President Steyn recuperating in Europe 1903

So what were his achievements? They can be summed up briefly: language, education and reconciliation. I’m not going to dwell on the first two because Chris is going to say something about them. We don’t usually think of Steyn as the great conciliator - that accolade goes to Louis Botha. But, between 1906 and 1910 he conducted a remarkable correspondence especially with Smuts and John X. Merriman, in which the three men worked out their ideas on Union. One topic was Union versus Confederation and, with the American and Australian examples before them, they opted for Union as less divisive.

A second major, and difficult, topic, was that of the franchise. Who should have the right to vote? Women didn’t come into the picture. Interestingly, if female suffrage had been considered seriously, Steyn is the only one of the three who would probably have supported it. But the issue was, rather, the black vote. None of the three covered themselves in glory on this matter. But neither did the British. The reality was that none of them could envisage a world in which black people were considered equal to whites. Since they were all interested in social justice, they all knew very well that all male South African adults should have the vote, but they couldn’t face it. Instead, they brushed the subject under the carpet. It could be dealt with sometime in the future, when somehow black people had become ‘civilised’. They knew, of course, that it would be almost impossible to bring their constituents on board, but they were far too complacent in their discussions of the matter.

Steyn only agreed to attend the Convention after he had persuaded Louis Botha that the principle of the language question - the equality of Dutch with English - would be accepted beforehand. In the event, it proved to be the clause that almost broke the Convention. And it was Steyn who brought the more recalcitrant JBM Hertzog on board, and persuaded Brits like Jameson that Dutch should be accepted in government and education on the same basis as English. In the event, they did not get quite what they wanted - that all civil servants should be bilingual - but it was enough. Having got over this hurdle, Steyn played a critical role in soothing the sensibilities of isolationist English-speaking Natalians.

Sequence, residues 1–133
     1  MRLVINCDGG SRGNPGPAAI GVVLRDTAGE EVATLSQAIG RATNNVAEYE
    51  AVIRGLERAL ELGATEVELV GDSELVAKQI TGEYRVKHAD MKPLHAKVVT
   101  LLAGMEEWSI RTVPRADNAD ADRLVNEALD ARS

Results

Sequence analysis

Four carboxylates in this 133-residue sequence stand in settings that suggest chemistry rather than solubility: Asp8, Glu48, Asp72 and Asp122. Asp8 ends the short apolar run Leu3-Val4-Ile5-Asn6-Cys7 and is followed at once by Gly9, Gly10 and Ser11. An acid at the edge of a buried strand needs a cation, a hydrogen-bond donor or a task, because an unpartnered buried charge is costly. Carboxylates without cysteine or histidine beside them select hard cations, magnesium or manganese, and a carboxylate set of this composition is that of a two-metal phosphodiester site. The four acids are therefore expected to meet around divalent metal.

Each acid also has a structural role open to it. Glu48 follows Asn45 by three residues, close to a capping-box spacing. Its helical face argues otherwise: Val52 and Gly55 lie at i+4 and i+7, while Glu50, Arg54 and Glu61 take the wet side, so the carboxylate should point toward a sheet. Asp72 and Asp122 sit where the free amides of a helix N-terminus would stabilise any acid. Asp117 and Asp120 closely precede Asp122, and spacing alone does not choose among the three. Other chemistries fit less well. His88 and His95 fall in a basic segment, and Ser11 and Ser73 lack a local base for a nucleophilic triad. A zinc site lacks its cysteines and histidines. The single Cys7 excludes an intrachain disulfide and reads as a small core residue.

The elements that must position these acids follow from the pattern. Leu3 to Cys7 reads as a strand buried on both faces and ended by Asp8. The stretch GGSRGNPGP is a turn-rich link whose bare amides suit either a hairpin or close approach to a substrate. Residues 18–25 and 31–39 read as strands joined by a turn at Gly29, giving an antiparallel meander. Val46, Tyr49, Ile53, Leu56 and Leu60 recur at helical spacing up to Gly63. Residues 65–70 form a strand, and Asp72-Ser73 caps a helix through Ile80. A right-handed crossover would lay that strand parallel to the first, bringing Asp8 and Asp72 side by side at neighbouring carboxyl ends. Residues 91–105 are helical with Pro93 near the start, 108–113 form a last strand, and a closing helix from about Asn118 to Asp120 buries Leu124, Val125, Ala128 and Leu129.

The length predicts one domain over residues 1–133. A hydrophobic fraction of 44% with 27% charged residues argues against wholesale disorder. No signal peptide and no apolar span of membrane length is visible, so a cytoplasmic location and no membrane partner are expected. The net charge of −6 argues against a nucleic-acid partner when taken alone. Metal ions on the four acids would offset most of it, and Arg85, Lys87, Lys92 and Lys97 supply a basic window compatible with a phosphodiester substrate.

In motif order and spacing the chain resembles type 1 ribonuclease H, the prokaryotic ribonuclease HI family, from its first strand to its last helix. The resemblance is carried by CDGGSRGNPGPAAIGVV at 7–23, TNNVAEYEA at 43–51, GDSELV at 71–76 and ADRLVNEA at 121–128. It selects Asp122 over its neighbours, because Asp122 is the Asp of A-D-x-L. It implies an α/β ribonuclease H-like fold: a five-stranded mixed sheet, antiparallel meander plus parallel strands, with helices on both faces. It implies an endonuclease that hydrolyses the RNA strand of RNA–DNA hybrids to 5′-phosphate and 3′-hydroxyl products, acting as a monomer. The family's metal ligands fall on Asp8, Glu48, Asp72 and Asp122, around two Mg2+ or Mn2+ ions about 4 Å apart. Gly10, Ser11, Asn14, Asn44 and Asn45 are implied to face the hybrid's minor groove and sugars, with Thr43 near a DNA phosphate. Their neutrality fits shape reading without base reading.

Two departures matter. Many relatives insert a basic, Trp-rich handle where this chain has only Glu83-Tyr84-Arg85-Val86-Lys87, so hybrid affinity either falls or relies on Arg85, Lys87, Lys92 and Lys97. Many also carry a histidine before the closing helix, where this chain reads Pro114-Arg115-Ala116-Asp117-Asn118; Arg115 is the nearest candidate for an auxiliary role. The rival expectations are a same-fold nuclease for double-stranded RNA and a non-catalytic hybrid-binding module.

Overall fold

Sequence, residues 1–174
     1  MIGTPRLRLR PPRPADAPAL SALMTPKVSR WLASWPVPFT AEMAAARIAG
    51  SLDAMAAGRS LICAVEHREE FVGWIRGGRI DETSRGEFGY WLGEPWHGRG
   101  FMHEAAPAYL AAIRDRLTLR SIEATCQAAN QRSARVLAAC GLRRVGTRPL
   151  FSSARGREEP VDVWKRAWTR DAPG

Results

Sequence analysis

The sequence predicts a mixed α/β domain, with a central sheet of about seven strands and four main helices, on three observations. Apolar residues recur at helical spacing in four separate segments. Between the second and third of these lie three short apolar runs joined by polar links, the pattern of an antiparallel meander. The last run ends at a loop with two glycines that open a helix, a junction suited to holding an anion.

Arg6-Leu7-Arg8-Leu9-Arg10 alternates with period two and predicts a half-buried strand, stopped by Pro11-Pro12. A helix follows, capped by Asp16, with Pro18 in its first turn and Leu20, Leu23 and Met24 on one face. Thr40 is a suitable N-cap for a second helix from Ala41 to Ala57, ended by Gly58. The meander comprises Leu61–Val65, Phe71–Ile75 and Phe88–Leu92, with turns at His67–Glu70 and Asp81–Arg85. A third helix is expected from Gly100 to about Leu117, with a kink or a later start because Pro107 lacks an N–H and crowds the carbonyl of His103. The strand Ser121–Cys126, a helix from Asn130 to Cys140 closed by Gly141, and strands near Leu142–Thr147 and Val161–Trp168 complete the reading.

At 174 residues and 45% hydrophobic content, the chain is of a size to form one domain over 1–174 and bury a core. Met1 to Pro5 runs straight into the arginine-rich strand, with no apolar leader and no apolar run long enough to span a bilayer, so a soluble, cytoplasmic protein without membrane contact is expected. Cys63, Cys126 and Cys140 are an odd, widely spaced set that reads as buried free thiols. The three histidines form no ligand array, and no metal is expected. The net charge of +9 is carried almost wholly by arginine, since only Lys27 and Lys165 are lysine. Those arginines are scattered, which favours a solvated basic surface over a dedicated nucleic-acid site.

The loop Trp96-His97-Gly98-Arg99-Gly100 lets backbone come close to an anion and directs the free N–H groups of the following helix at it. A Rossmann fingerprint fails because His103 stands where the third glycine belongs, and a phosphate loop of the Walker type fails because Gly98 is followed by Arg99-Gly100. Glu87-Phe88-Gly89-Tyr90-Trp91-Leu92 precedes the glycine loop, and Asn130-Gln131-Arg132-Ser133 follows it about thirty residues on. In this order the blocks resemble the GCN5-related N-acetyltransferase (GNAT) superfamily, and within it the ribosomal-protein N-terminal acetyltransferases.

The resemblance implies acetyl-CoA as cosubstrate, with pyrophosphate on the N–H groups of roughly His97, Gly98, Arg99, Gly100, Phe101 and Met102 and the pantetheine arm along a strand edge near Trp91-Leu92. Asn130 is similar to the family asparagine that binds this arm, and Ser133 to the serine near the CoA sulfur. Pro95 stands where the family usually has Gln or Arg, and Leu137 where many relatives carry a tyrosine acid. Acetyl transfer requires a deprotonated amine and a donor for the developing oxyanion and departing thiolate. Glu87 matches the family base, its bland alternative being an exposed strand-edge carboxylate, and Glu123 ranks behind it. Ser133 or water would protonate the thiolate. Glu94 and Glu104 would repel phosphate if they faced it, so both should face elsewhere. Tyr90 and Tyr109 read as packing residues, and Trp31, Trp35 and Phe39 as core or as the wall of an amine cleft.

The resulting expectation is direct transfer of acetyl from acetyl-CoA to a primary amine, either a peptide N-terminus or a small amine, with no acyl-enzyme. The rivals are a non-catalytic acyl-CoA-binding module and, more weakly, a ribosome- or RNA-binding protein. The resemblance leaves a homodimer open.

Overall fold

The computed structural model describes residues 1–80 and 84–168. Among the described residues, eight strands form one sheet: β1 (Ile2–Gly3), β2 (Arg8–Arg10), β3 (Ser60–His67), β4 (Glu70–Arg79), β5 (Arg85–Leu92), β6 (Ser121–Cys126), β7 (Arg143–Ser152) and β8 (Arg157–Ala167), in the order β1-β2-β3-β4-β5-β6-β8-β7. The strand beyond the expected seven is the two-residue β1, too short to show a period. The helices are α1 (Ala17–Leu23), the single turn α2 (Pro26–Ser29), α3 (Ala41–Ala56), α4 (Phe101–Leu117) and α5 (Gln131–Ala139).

And afterwards Steyn and Hertzog had no difficulty persuading Free Staters to accept the terms of the Convention. Merriman in the Cape had far more trouble. He had to cope with people like WP Schreiner, who fought for an extended black franchise, and with F.S. Malan and Onze Jan Hofmeyr, whose loyalties were uncertain.

Steyn himself had one final decision to make. Should he stand for public office in the new South Africa? Sadly, his doctors did not recommend this and he was forced to accept his place as one of South Africa’s most revered elder statesmen, out of the hurly-burly of active political life.